Thursday, September 13, 2007

Numbers, numbers everywhere, but what do they mean?

Numbers fascinate me. Actually, how researchers and demographers collect information and turn that information into numbers, specifically statistics, really fascinates me. That's because numbers can lie. Not the numbers themselves, but how people collect, compile, and represent the numbers can be misleading. Take for instance the idea of a dropout rate. In most districts, students are considered dropouts if they sign out of school. That means going into the office, signing paperwork, meeting with a counselor, etc. Many students simply don't do that. So, when I look at the statistics presented in The Public Education Primer I'm not surprised at the numbers, but I am skeptical about them.

It doesn't shock me that something like 79% of teachers are women. Nor does it surprise me that 90% of teachers overall are white. After all, research has shown that women have moved into professions that were traditionally considered to be the domains of men. But the reverse has not happened. Men who become kindergarten teachers are often looked at with suspicion. After all, why would they want to work with young children? The same goes for nursing. In the case of minority teachers, it's also an issue of access. Prior to the Civil Rights Movement, many college-educated minorities, particularly African American, were blocked from most careers, except for teaching. In fact, being a teachers was highly esteemed within the community. When schools were integrated, many highly qualified minority teachers were shut out because white teachers were moved into predominantly minority schools, but minority teachers were not moved into white schools.

Whenever I see statistics like these, I wonder what questions were asked, what data was collected (and more importantly, what data was made available), and how they will be used to develop policy (that is, the plan of action or arguments that drive institutional practices). After all, I can look at a statistic and conclude something completely different from someone else. I guess that's the heart of the matter, we need to learn how to critically read statistics and how they are interpreted.

34 comments:

Buc Jr said...

The comment regarding men in teaching is so true. When I was single and coached Football I was looked suspiciously. I eventually quit because of the pressure, the unspoken innuendos. Now that I am MWC, I am looked at as a great parent. A parent is great because he is involved in the community. But a SINGLE man involved is looked at with suspicion. This is a stereotype that is very prevalent in Teaching. This is a possible reason for the 80-20 split in Teaching.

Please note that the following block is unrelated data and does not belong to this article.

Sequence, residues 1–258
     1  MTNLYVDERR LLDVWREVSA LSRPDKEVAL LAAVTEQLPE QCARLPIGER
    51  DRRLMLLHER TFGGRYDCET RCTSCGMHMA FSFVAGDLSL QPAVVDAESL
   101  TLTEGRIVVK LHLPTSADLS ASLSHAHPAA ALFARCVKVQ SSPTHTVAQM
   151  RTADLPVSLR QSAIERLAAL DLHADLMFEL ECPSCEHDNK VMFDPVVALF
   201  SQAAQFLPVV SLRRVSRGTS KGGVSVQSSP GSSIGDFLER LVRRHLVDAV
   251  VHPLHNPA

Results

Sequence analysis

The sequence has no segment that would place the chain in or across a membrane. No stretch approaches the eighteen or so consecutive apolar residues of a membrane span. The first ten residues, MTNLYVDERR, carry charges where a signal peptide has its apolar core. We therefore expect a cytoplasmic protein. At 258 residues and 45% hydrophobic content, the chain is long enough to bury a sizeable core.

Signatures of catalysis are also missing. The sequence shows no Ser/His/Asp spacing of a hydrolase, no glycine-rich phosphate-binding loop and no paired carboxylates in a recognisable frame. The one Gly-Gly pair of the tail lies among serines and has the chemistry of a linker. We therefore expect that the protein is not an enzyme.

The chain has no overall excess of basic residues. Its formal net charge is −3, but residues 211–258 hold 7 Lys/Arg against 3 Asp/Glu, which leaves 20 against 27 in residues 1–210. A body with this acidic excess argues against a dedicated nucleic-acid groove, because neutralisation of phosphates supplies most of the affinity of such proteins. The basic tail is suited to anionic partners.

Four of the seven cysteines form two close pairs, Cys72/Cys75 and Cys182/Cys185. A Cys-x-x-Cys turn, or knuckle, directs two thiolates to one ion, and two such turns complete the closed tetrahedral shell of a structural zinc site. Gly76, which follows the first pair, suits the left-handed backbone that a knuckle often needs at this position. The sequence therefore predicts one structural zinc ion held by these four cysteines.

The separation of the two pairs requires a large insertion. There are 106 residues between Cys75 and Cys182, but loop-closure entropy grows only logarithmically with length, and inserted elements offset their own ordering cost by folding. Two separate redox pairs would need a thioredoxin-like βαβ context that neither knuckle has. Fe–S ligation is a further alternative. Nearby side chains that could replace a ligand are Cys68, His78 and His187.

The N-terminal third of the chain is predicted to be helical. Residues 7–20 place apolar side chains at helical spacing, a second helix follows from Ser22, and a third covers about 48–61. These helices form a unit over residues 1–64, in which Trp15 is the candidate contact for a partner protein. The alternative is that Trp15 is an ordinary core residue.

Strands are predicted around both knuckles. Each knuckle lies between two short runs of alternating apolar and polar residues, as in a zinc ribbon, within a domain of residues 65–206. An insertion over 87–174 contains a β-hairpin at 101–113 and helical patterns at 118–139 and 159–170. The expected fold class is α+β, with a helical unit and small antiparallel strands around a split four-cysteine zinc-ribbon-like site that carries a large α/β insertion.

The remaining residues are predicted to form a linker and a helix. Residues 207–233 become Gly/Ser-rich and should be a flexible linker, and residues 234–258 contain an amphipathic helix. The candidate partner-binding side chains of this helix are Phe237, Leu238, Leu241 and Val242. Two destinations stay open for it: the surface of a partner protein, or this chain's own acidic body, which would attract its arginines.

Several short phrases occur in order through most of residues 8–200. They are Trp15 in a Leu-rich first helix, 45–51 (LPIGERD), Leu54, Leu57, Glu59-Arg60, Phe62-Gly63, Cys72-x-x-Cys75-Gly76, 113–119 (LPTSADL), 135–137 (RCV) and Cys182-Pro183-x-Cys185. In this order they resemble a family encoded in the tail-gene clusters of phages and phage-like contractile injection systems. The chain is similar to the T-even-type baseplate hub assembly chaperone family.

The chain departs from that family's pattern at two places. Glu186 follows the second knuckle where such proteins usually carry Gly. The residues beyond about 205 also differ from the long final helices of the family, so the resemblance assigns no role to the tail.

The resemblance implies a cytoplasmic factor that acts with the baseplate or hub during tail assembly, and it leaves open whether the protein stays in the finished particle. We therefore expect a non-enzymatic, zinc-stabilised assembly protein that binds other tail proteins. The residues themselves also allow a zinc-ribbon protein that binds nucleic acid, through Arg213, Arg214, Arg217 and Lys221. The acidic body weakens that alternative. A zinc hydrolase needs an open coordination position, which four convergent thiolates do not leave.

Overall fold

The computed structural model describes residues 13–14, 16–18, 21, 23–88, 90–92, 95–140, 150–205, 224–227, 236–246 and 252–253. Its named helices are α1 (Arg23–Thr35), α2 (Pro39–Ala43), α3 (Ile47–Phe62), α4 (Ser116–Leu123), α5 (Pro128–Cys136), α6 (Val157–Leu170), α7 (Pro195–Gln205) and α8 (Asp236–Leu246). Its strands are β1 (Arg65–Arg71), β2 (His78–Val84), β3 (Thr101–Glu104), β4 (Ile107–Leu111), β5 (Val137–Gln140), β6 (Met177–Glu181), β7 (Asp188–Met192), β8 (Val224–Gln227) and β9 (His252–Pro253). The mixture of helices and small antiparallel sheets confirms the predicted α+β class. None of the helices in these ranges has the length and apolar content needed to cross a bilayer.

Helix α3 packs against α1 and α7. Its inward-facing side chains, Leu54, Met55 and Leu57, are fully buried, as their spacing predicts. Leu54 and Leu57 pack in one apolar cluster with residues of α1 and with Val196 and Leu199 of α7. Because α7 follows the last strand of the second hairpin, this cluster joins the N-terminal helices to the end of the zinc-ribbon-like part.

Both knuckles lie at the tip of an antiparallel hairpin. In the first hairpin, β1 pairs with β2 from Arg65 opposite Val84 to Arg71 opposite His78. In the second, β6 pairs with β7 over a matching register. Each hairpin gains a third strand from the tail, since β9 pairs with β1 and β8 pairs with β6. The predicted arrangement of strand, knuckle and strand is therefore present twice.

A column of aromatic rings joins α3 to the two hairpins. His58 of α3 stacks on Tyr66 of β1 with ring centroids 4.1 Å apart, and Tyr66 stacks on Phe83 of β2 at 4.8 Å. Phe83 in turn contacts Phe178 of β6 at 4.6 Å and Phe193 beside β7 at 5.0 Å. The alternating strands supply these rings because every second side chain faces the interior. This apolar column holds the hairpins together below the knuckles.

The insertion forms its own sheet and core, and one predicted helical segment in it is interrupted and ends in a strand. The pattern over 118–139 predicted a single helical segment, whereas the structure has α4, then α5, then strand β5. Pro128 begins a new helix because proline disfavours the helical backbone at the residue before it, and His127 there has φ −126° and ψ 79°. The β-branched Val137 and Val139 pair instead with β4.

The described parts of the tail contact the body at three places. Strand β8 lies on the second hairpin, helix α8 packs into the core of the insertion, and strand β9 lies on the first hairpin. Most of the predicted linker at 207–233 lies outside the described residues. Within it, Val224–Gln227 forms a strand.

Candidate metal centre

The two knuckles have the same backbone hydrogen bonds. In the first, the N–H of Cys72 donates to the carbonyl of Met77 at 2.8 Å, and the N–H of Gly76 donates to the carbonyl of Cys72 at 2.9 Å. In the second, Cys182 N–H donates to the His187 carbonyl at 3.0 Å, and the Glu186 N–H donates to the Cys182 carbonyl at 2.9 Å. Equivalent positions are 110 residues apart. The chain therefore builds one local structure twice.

ihatetheinterstate said...

I think another important question that needs to be asked is "what are the goals of the data collector?" Clearly numbers can be manipulated and we've certainly established how dubious statistics can be, so how do we decipher the compilers motivations and how do we use that knowledge to break down the statistics?

liveandletdie said...

I found the comment on males teaching kindergarten classes very interesting. I remember hearing a story in a past educational psychology class about men working at a day care from a fellow classmate that she worked at. These men were not allowed to be left unattended with any children at any given time especially when they were changing diapers. Why is it okay for women to be left alone with a child and not a man? This can also be applied to men teaching kindergarten. Why is it so strange that a man enjoys working with little kids? Both men and women are capable of being pedophiles arent they? This is just very strange for me. I believe that men should have the same freedom as us women to teach children of any age.

lillaniegirl said...

One of the most important issues threatening uneducated minds is the point that numbers don't reveal whole truths. Although helpful when used as a guide, I tend to enjoy finding the obvious flaws in their usage. The flaws answer additional questions that can be used to enhance understanding.
The point that numbers must be interpreted and understood with care is of the highest value.

Buc Jr said...
This comment has been removed by the author.
Anonymous said...

Reading what you wrote I feel that most minorities don't choose the teaching profession. I don't want my comments to be negitive or a sterotype, but I would like to see a study on minorities who go into the teaching profession. RL

Anonymous said...

Reading what you wrote I feel that most minorities don't choose the teaching profession. I don't want my comments to be negitive or a sterotype, but I would like to see a study on minorities who go into the teaching profession. RL

Anonymous said...

Reading what you wrote I feel that most minorities don't choose the teaching profession. I don't want my comments to be negitive or a sterotype, but I would like to see a study on minorities who go into the teaching profession. RL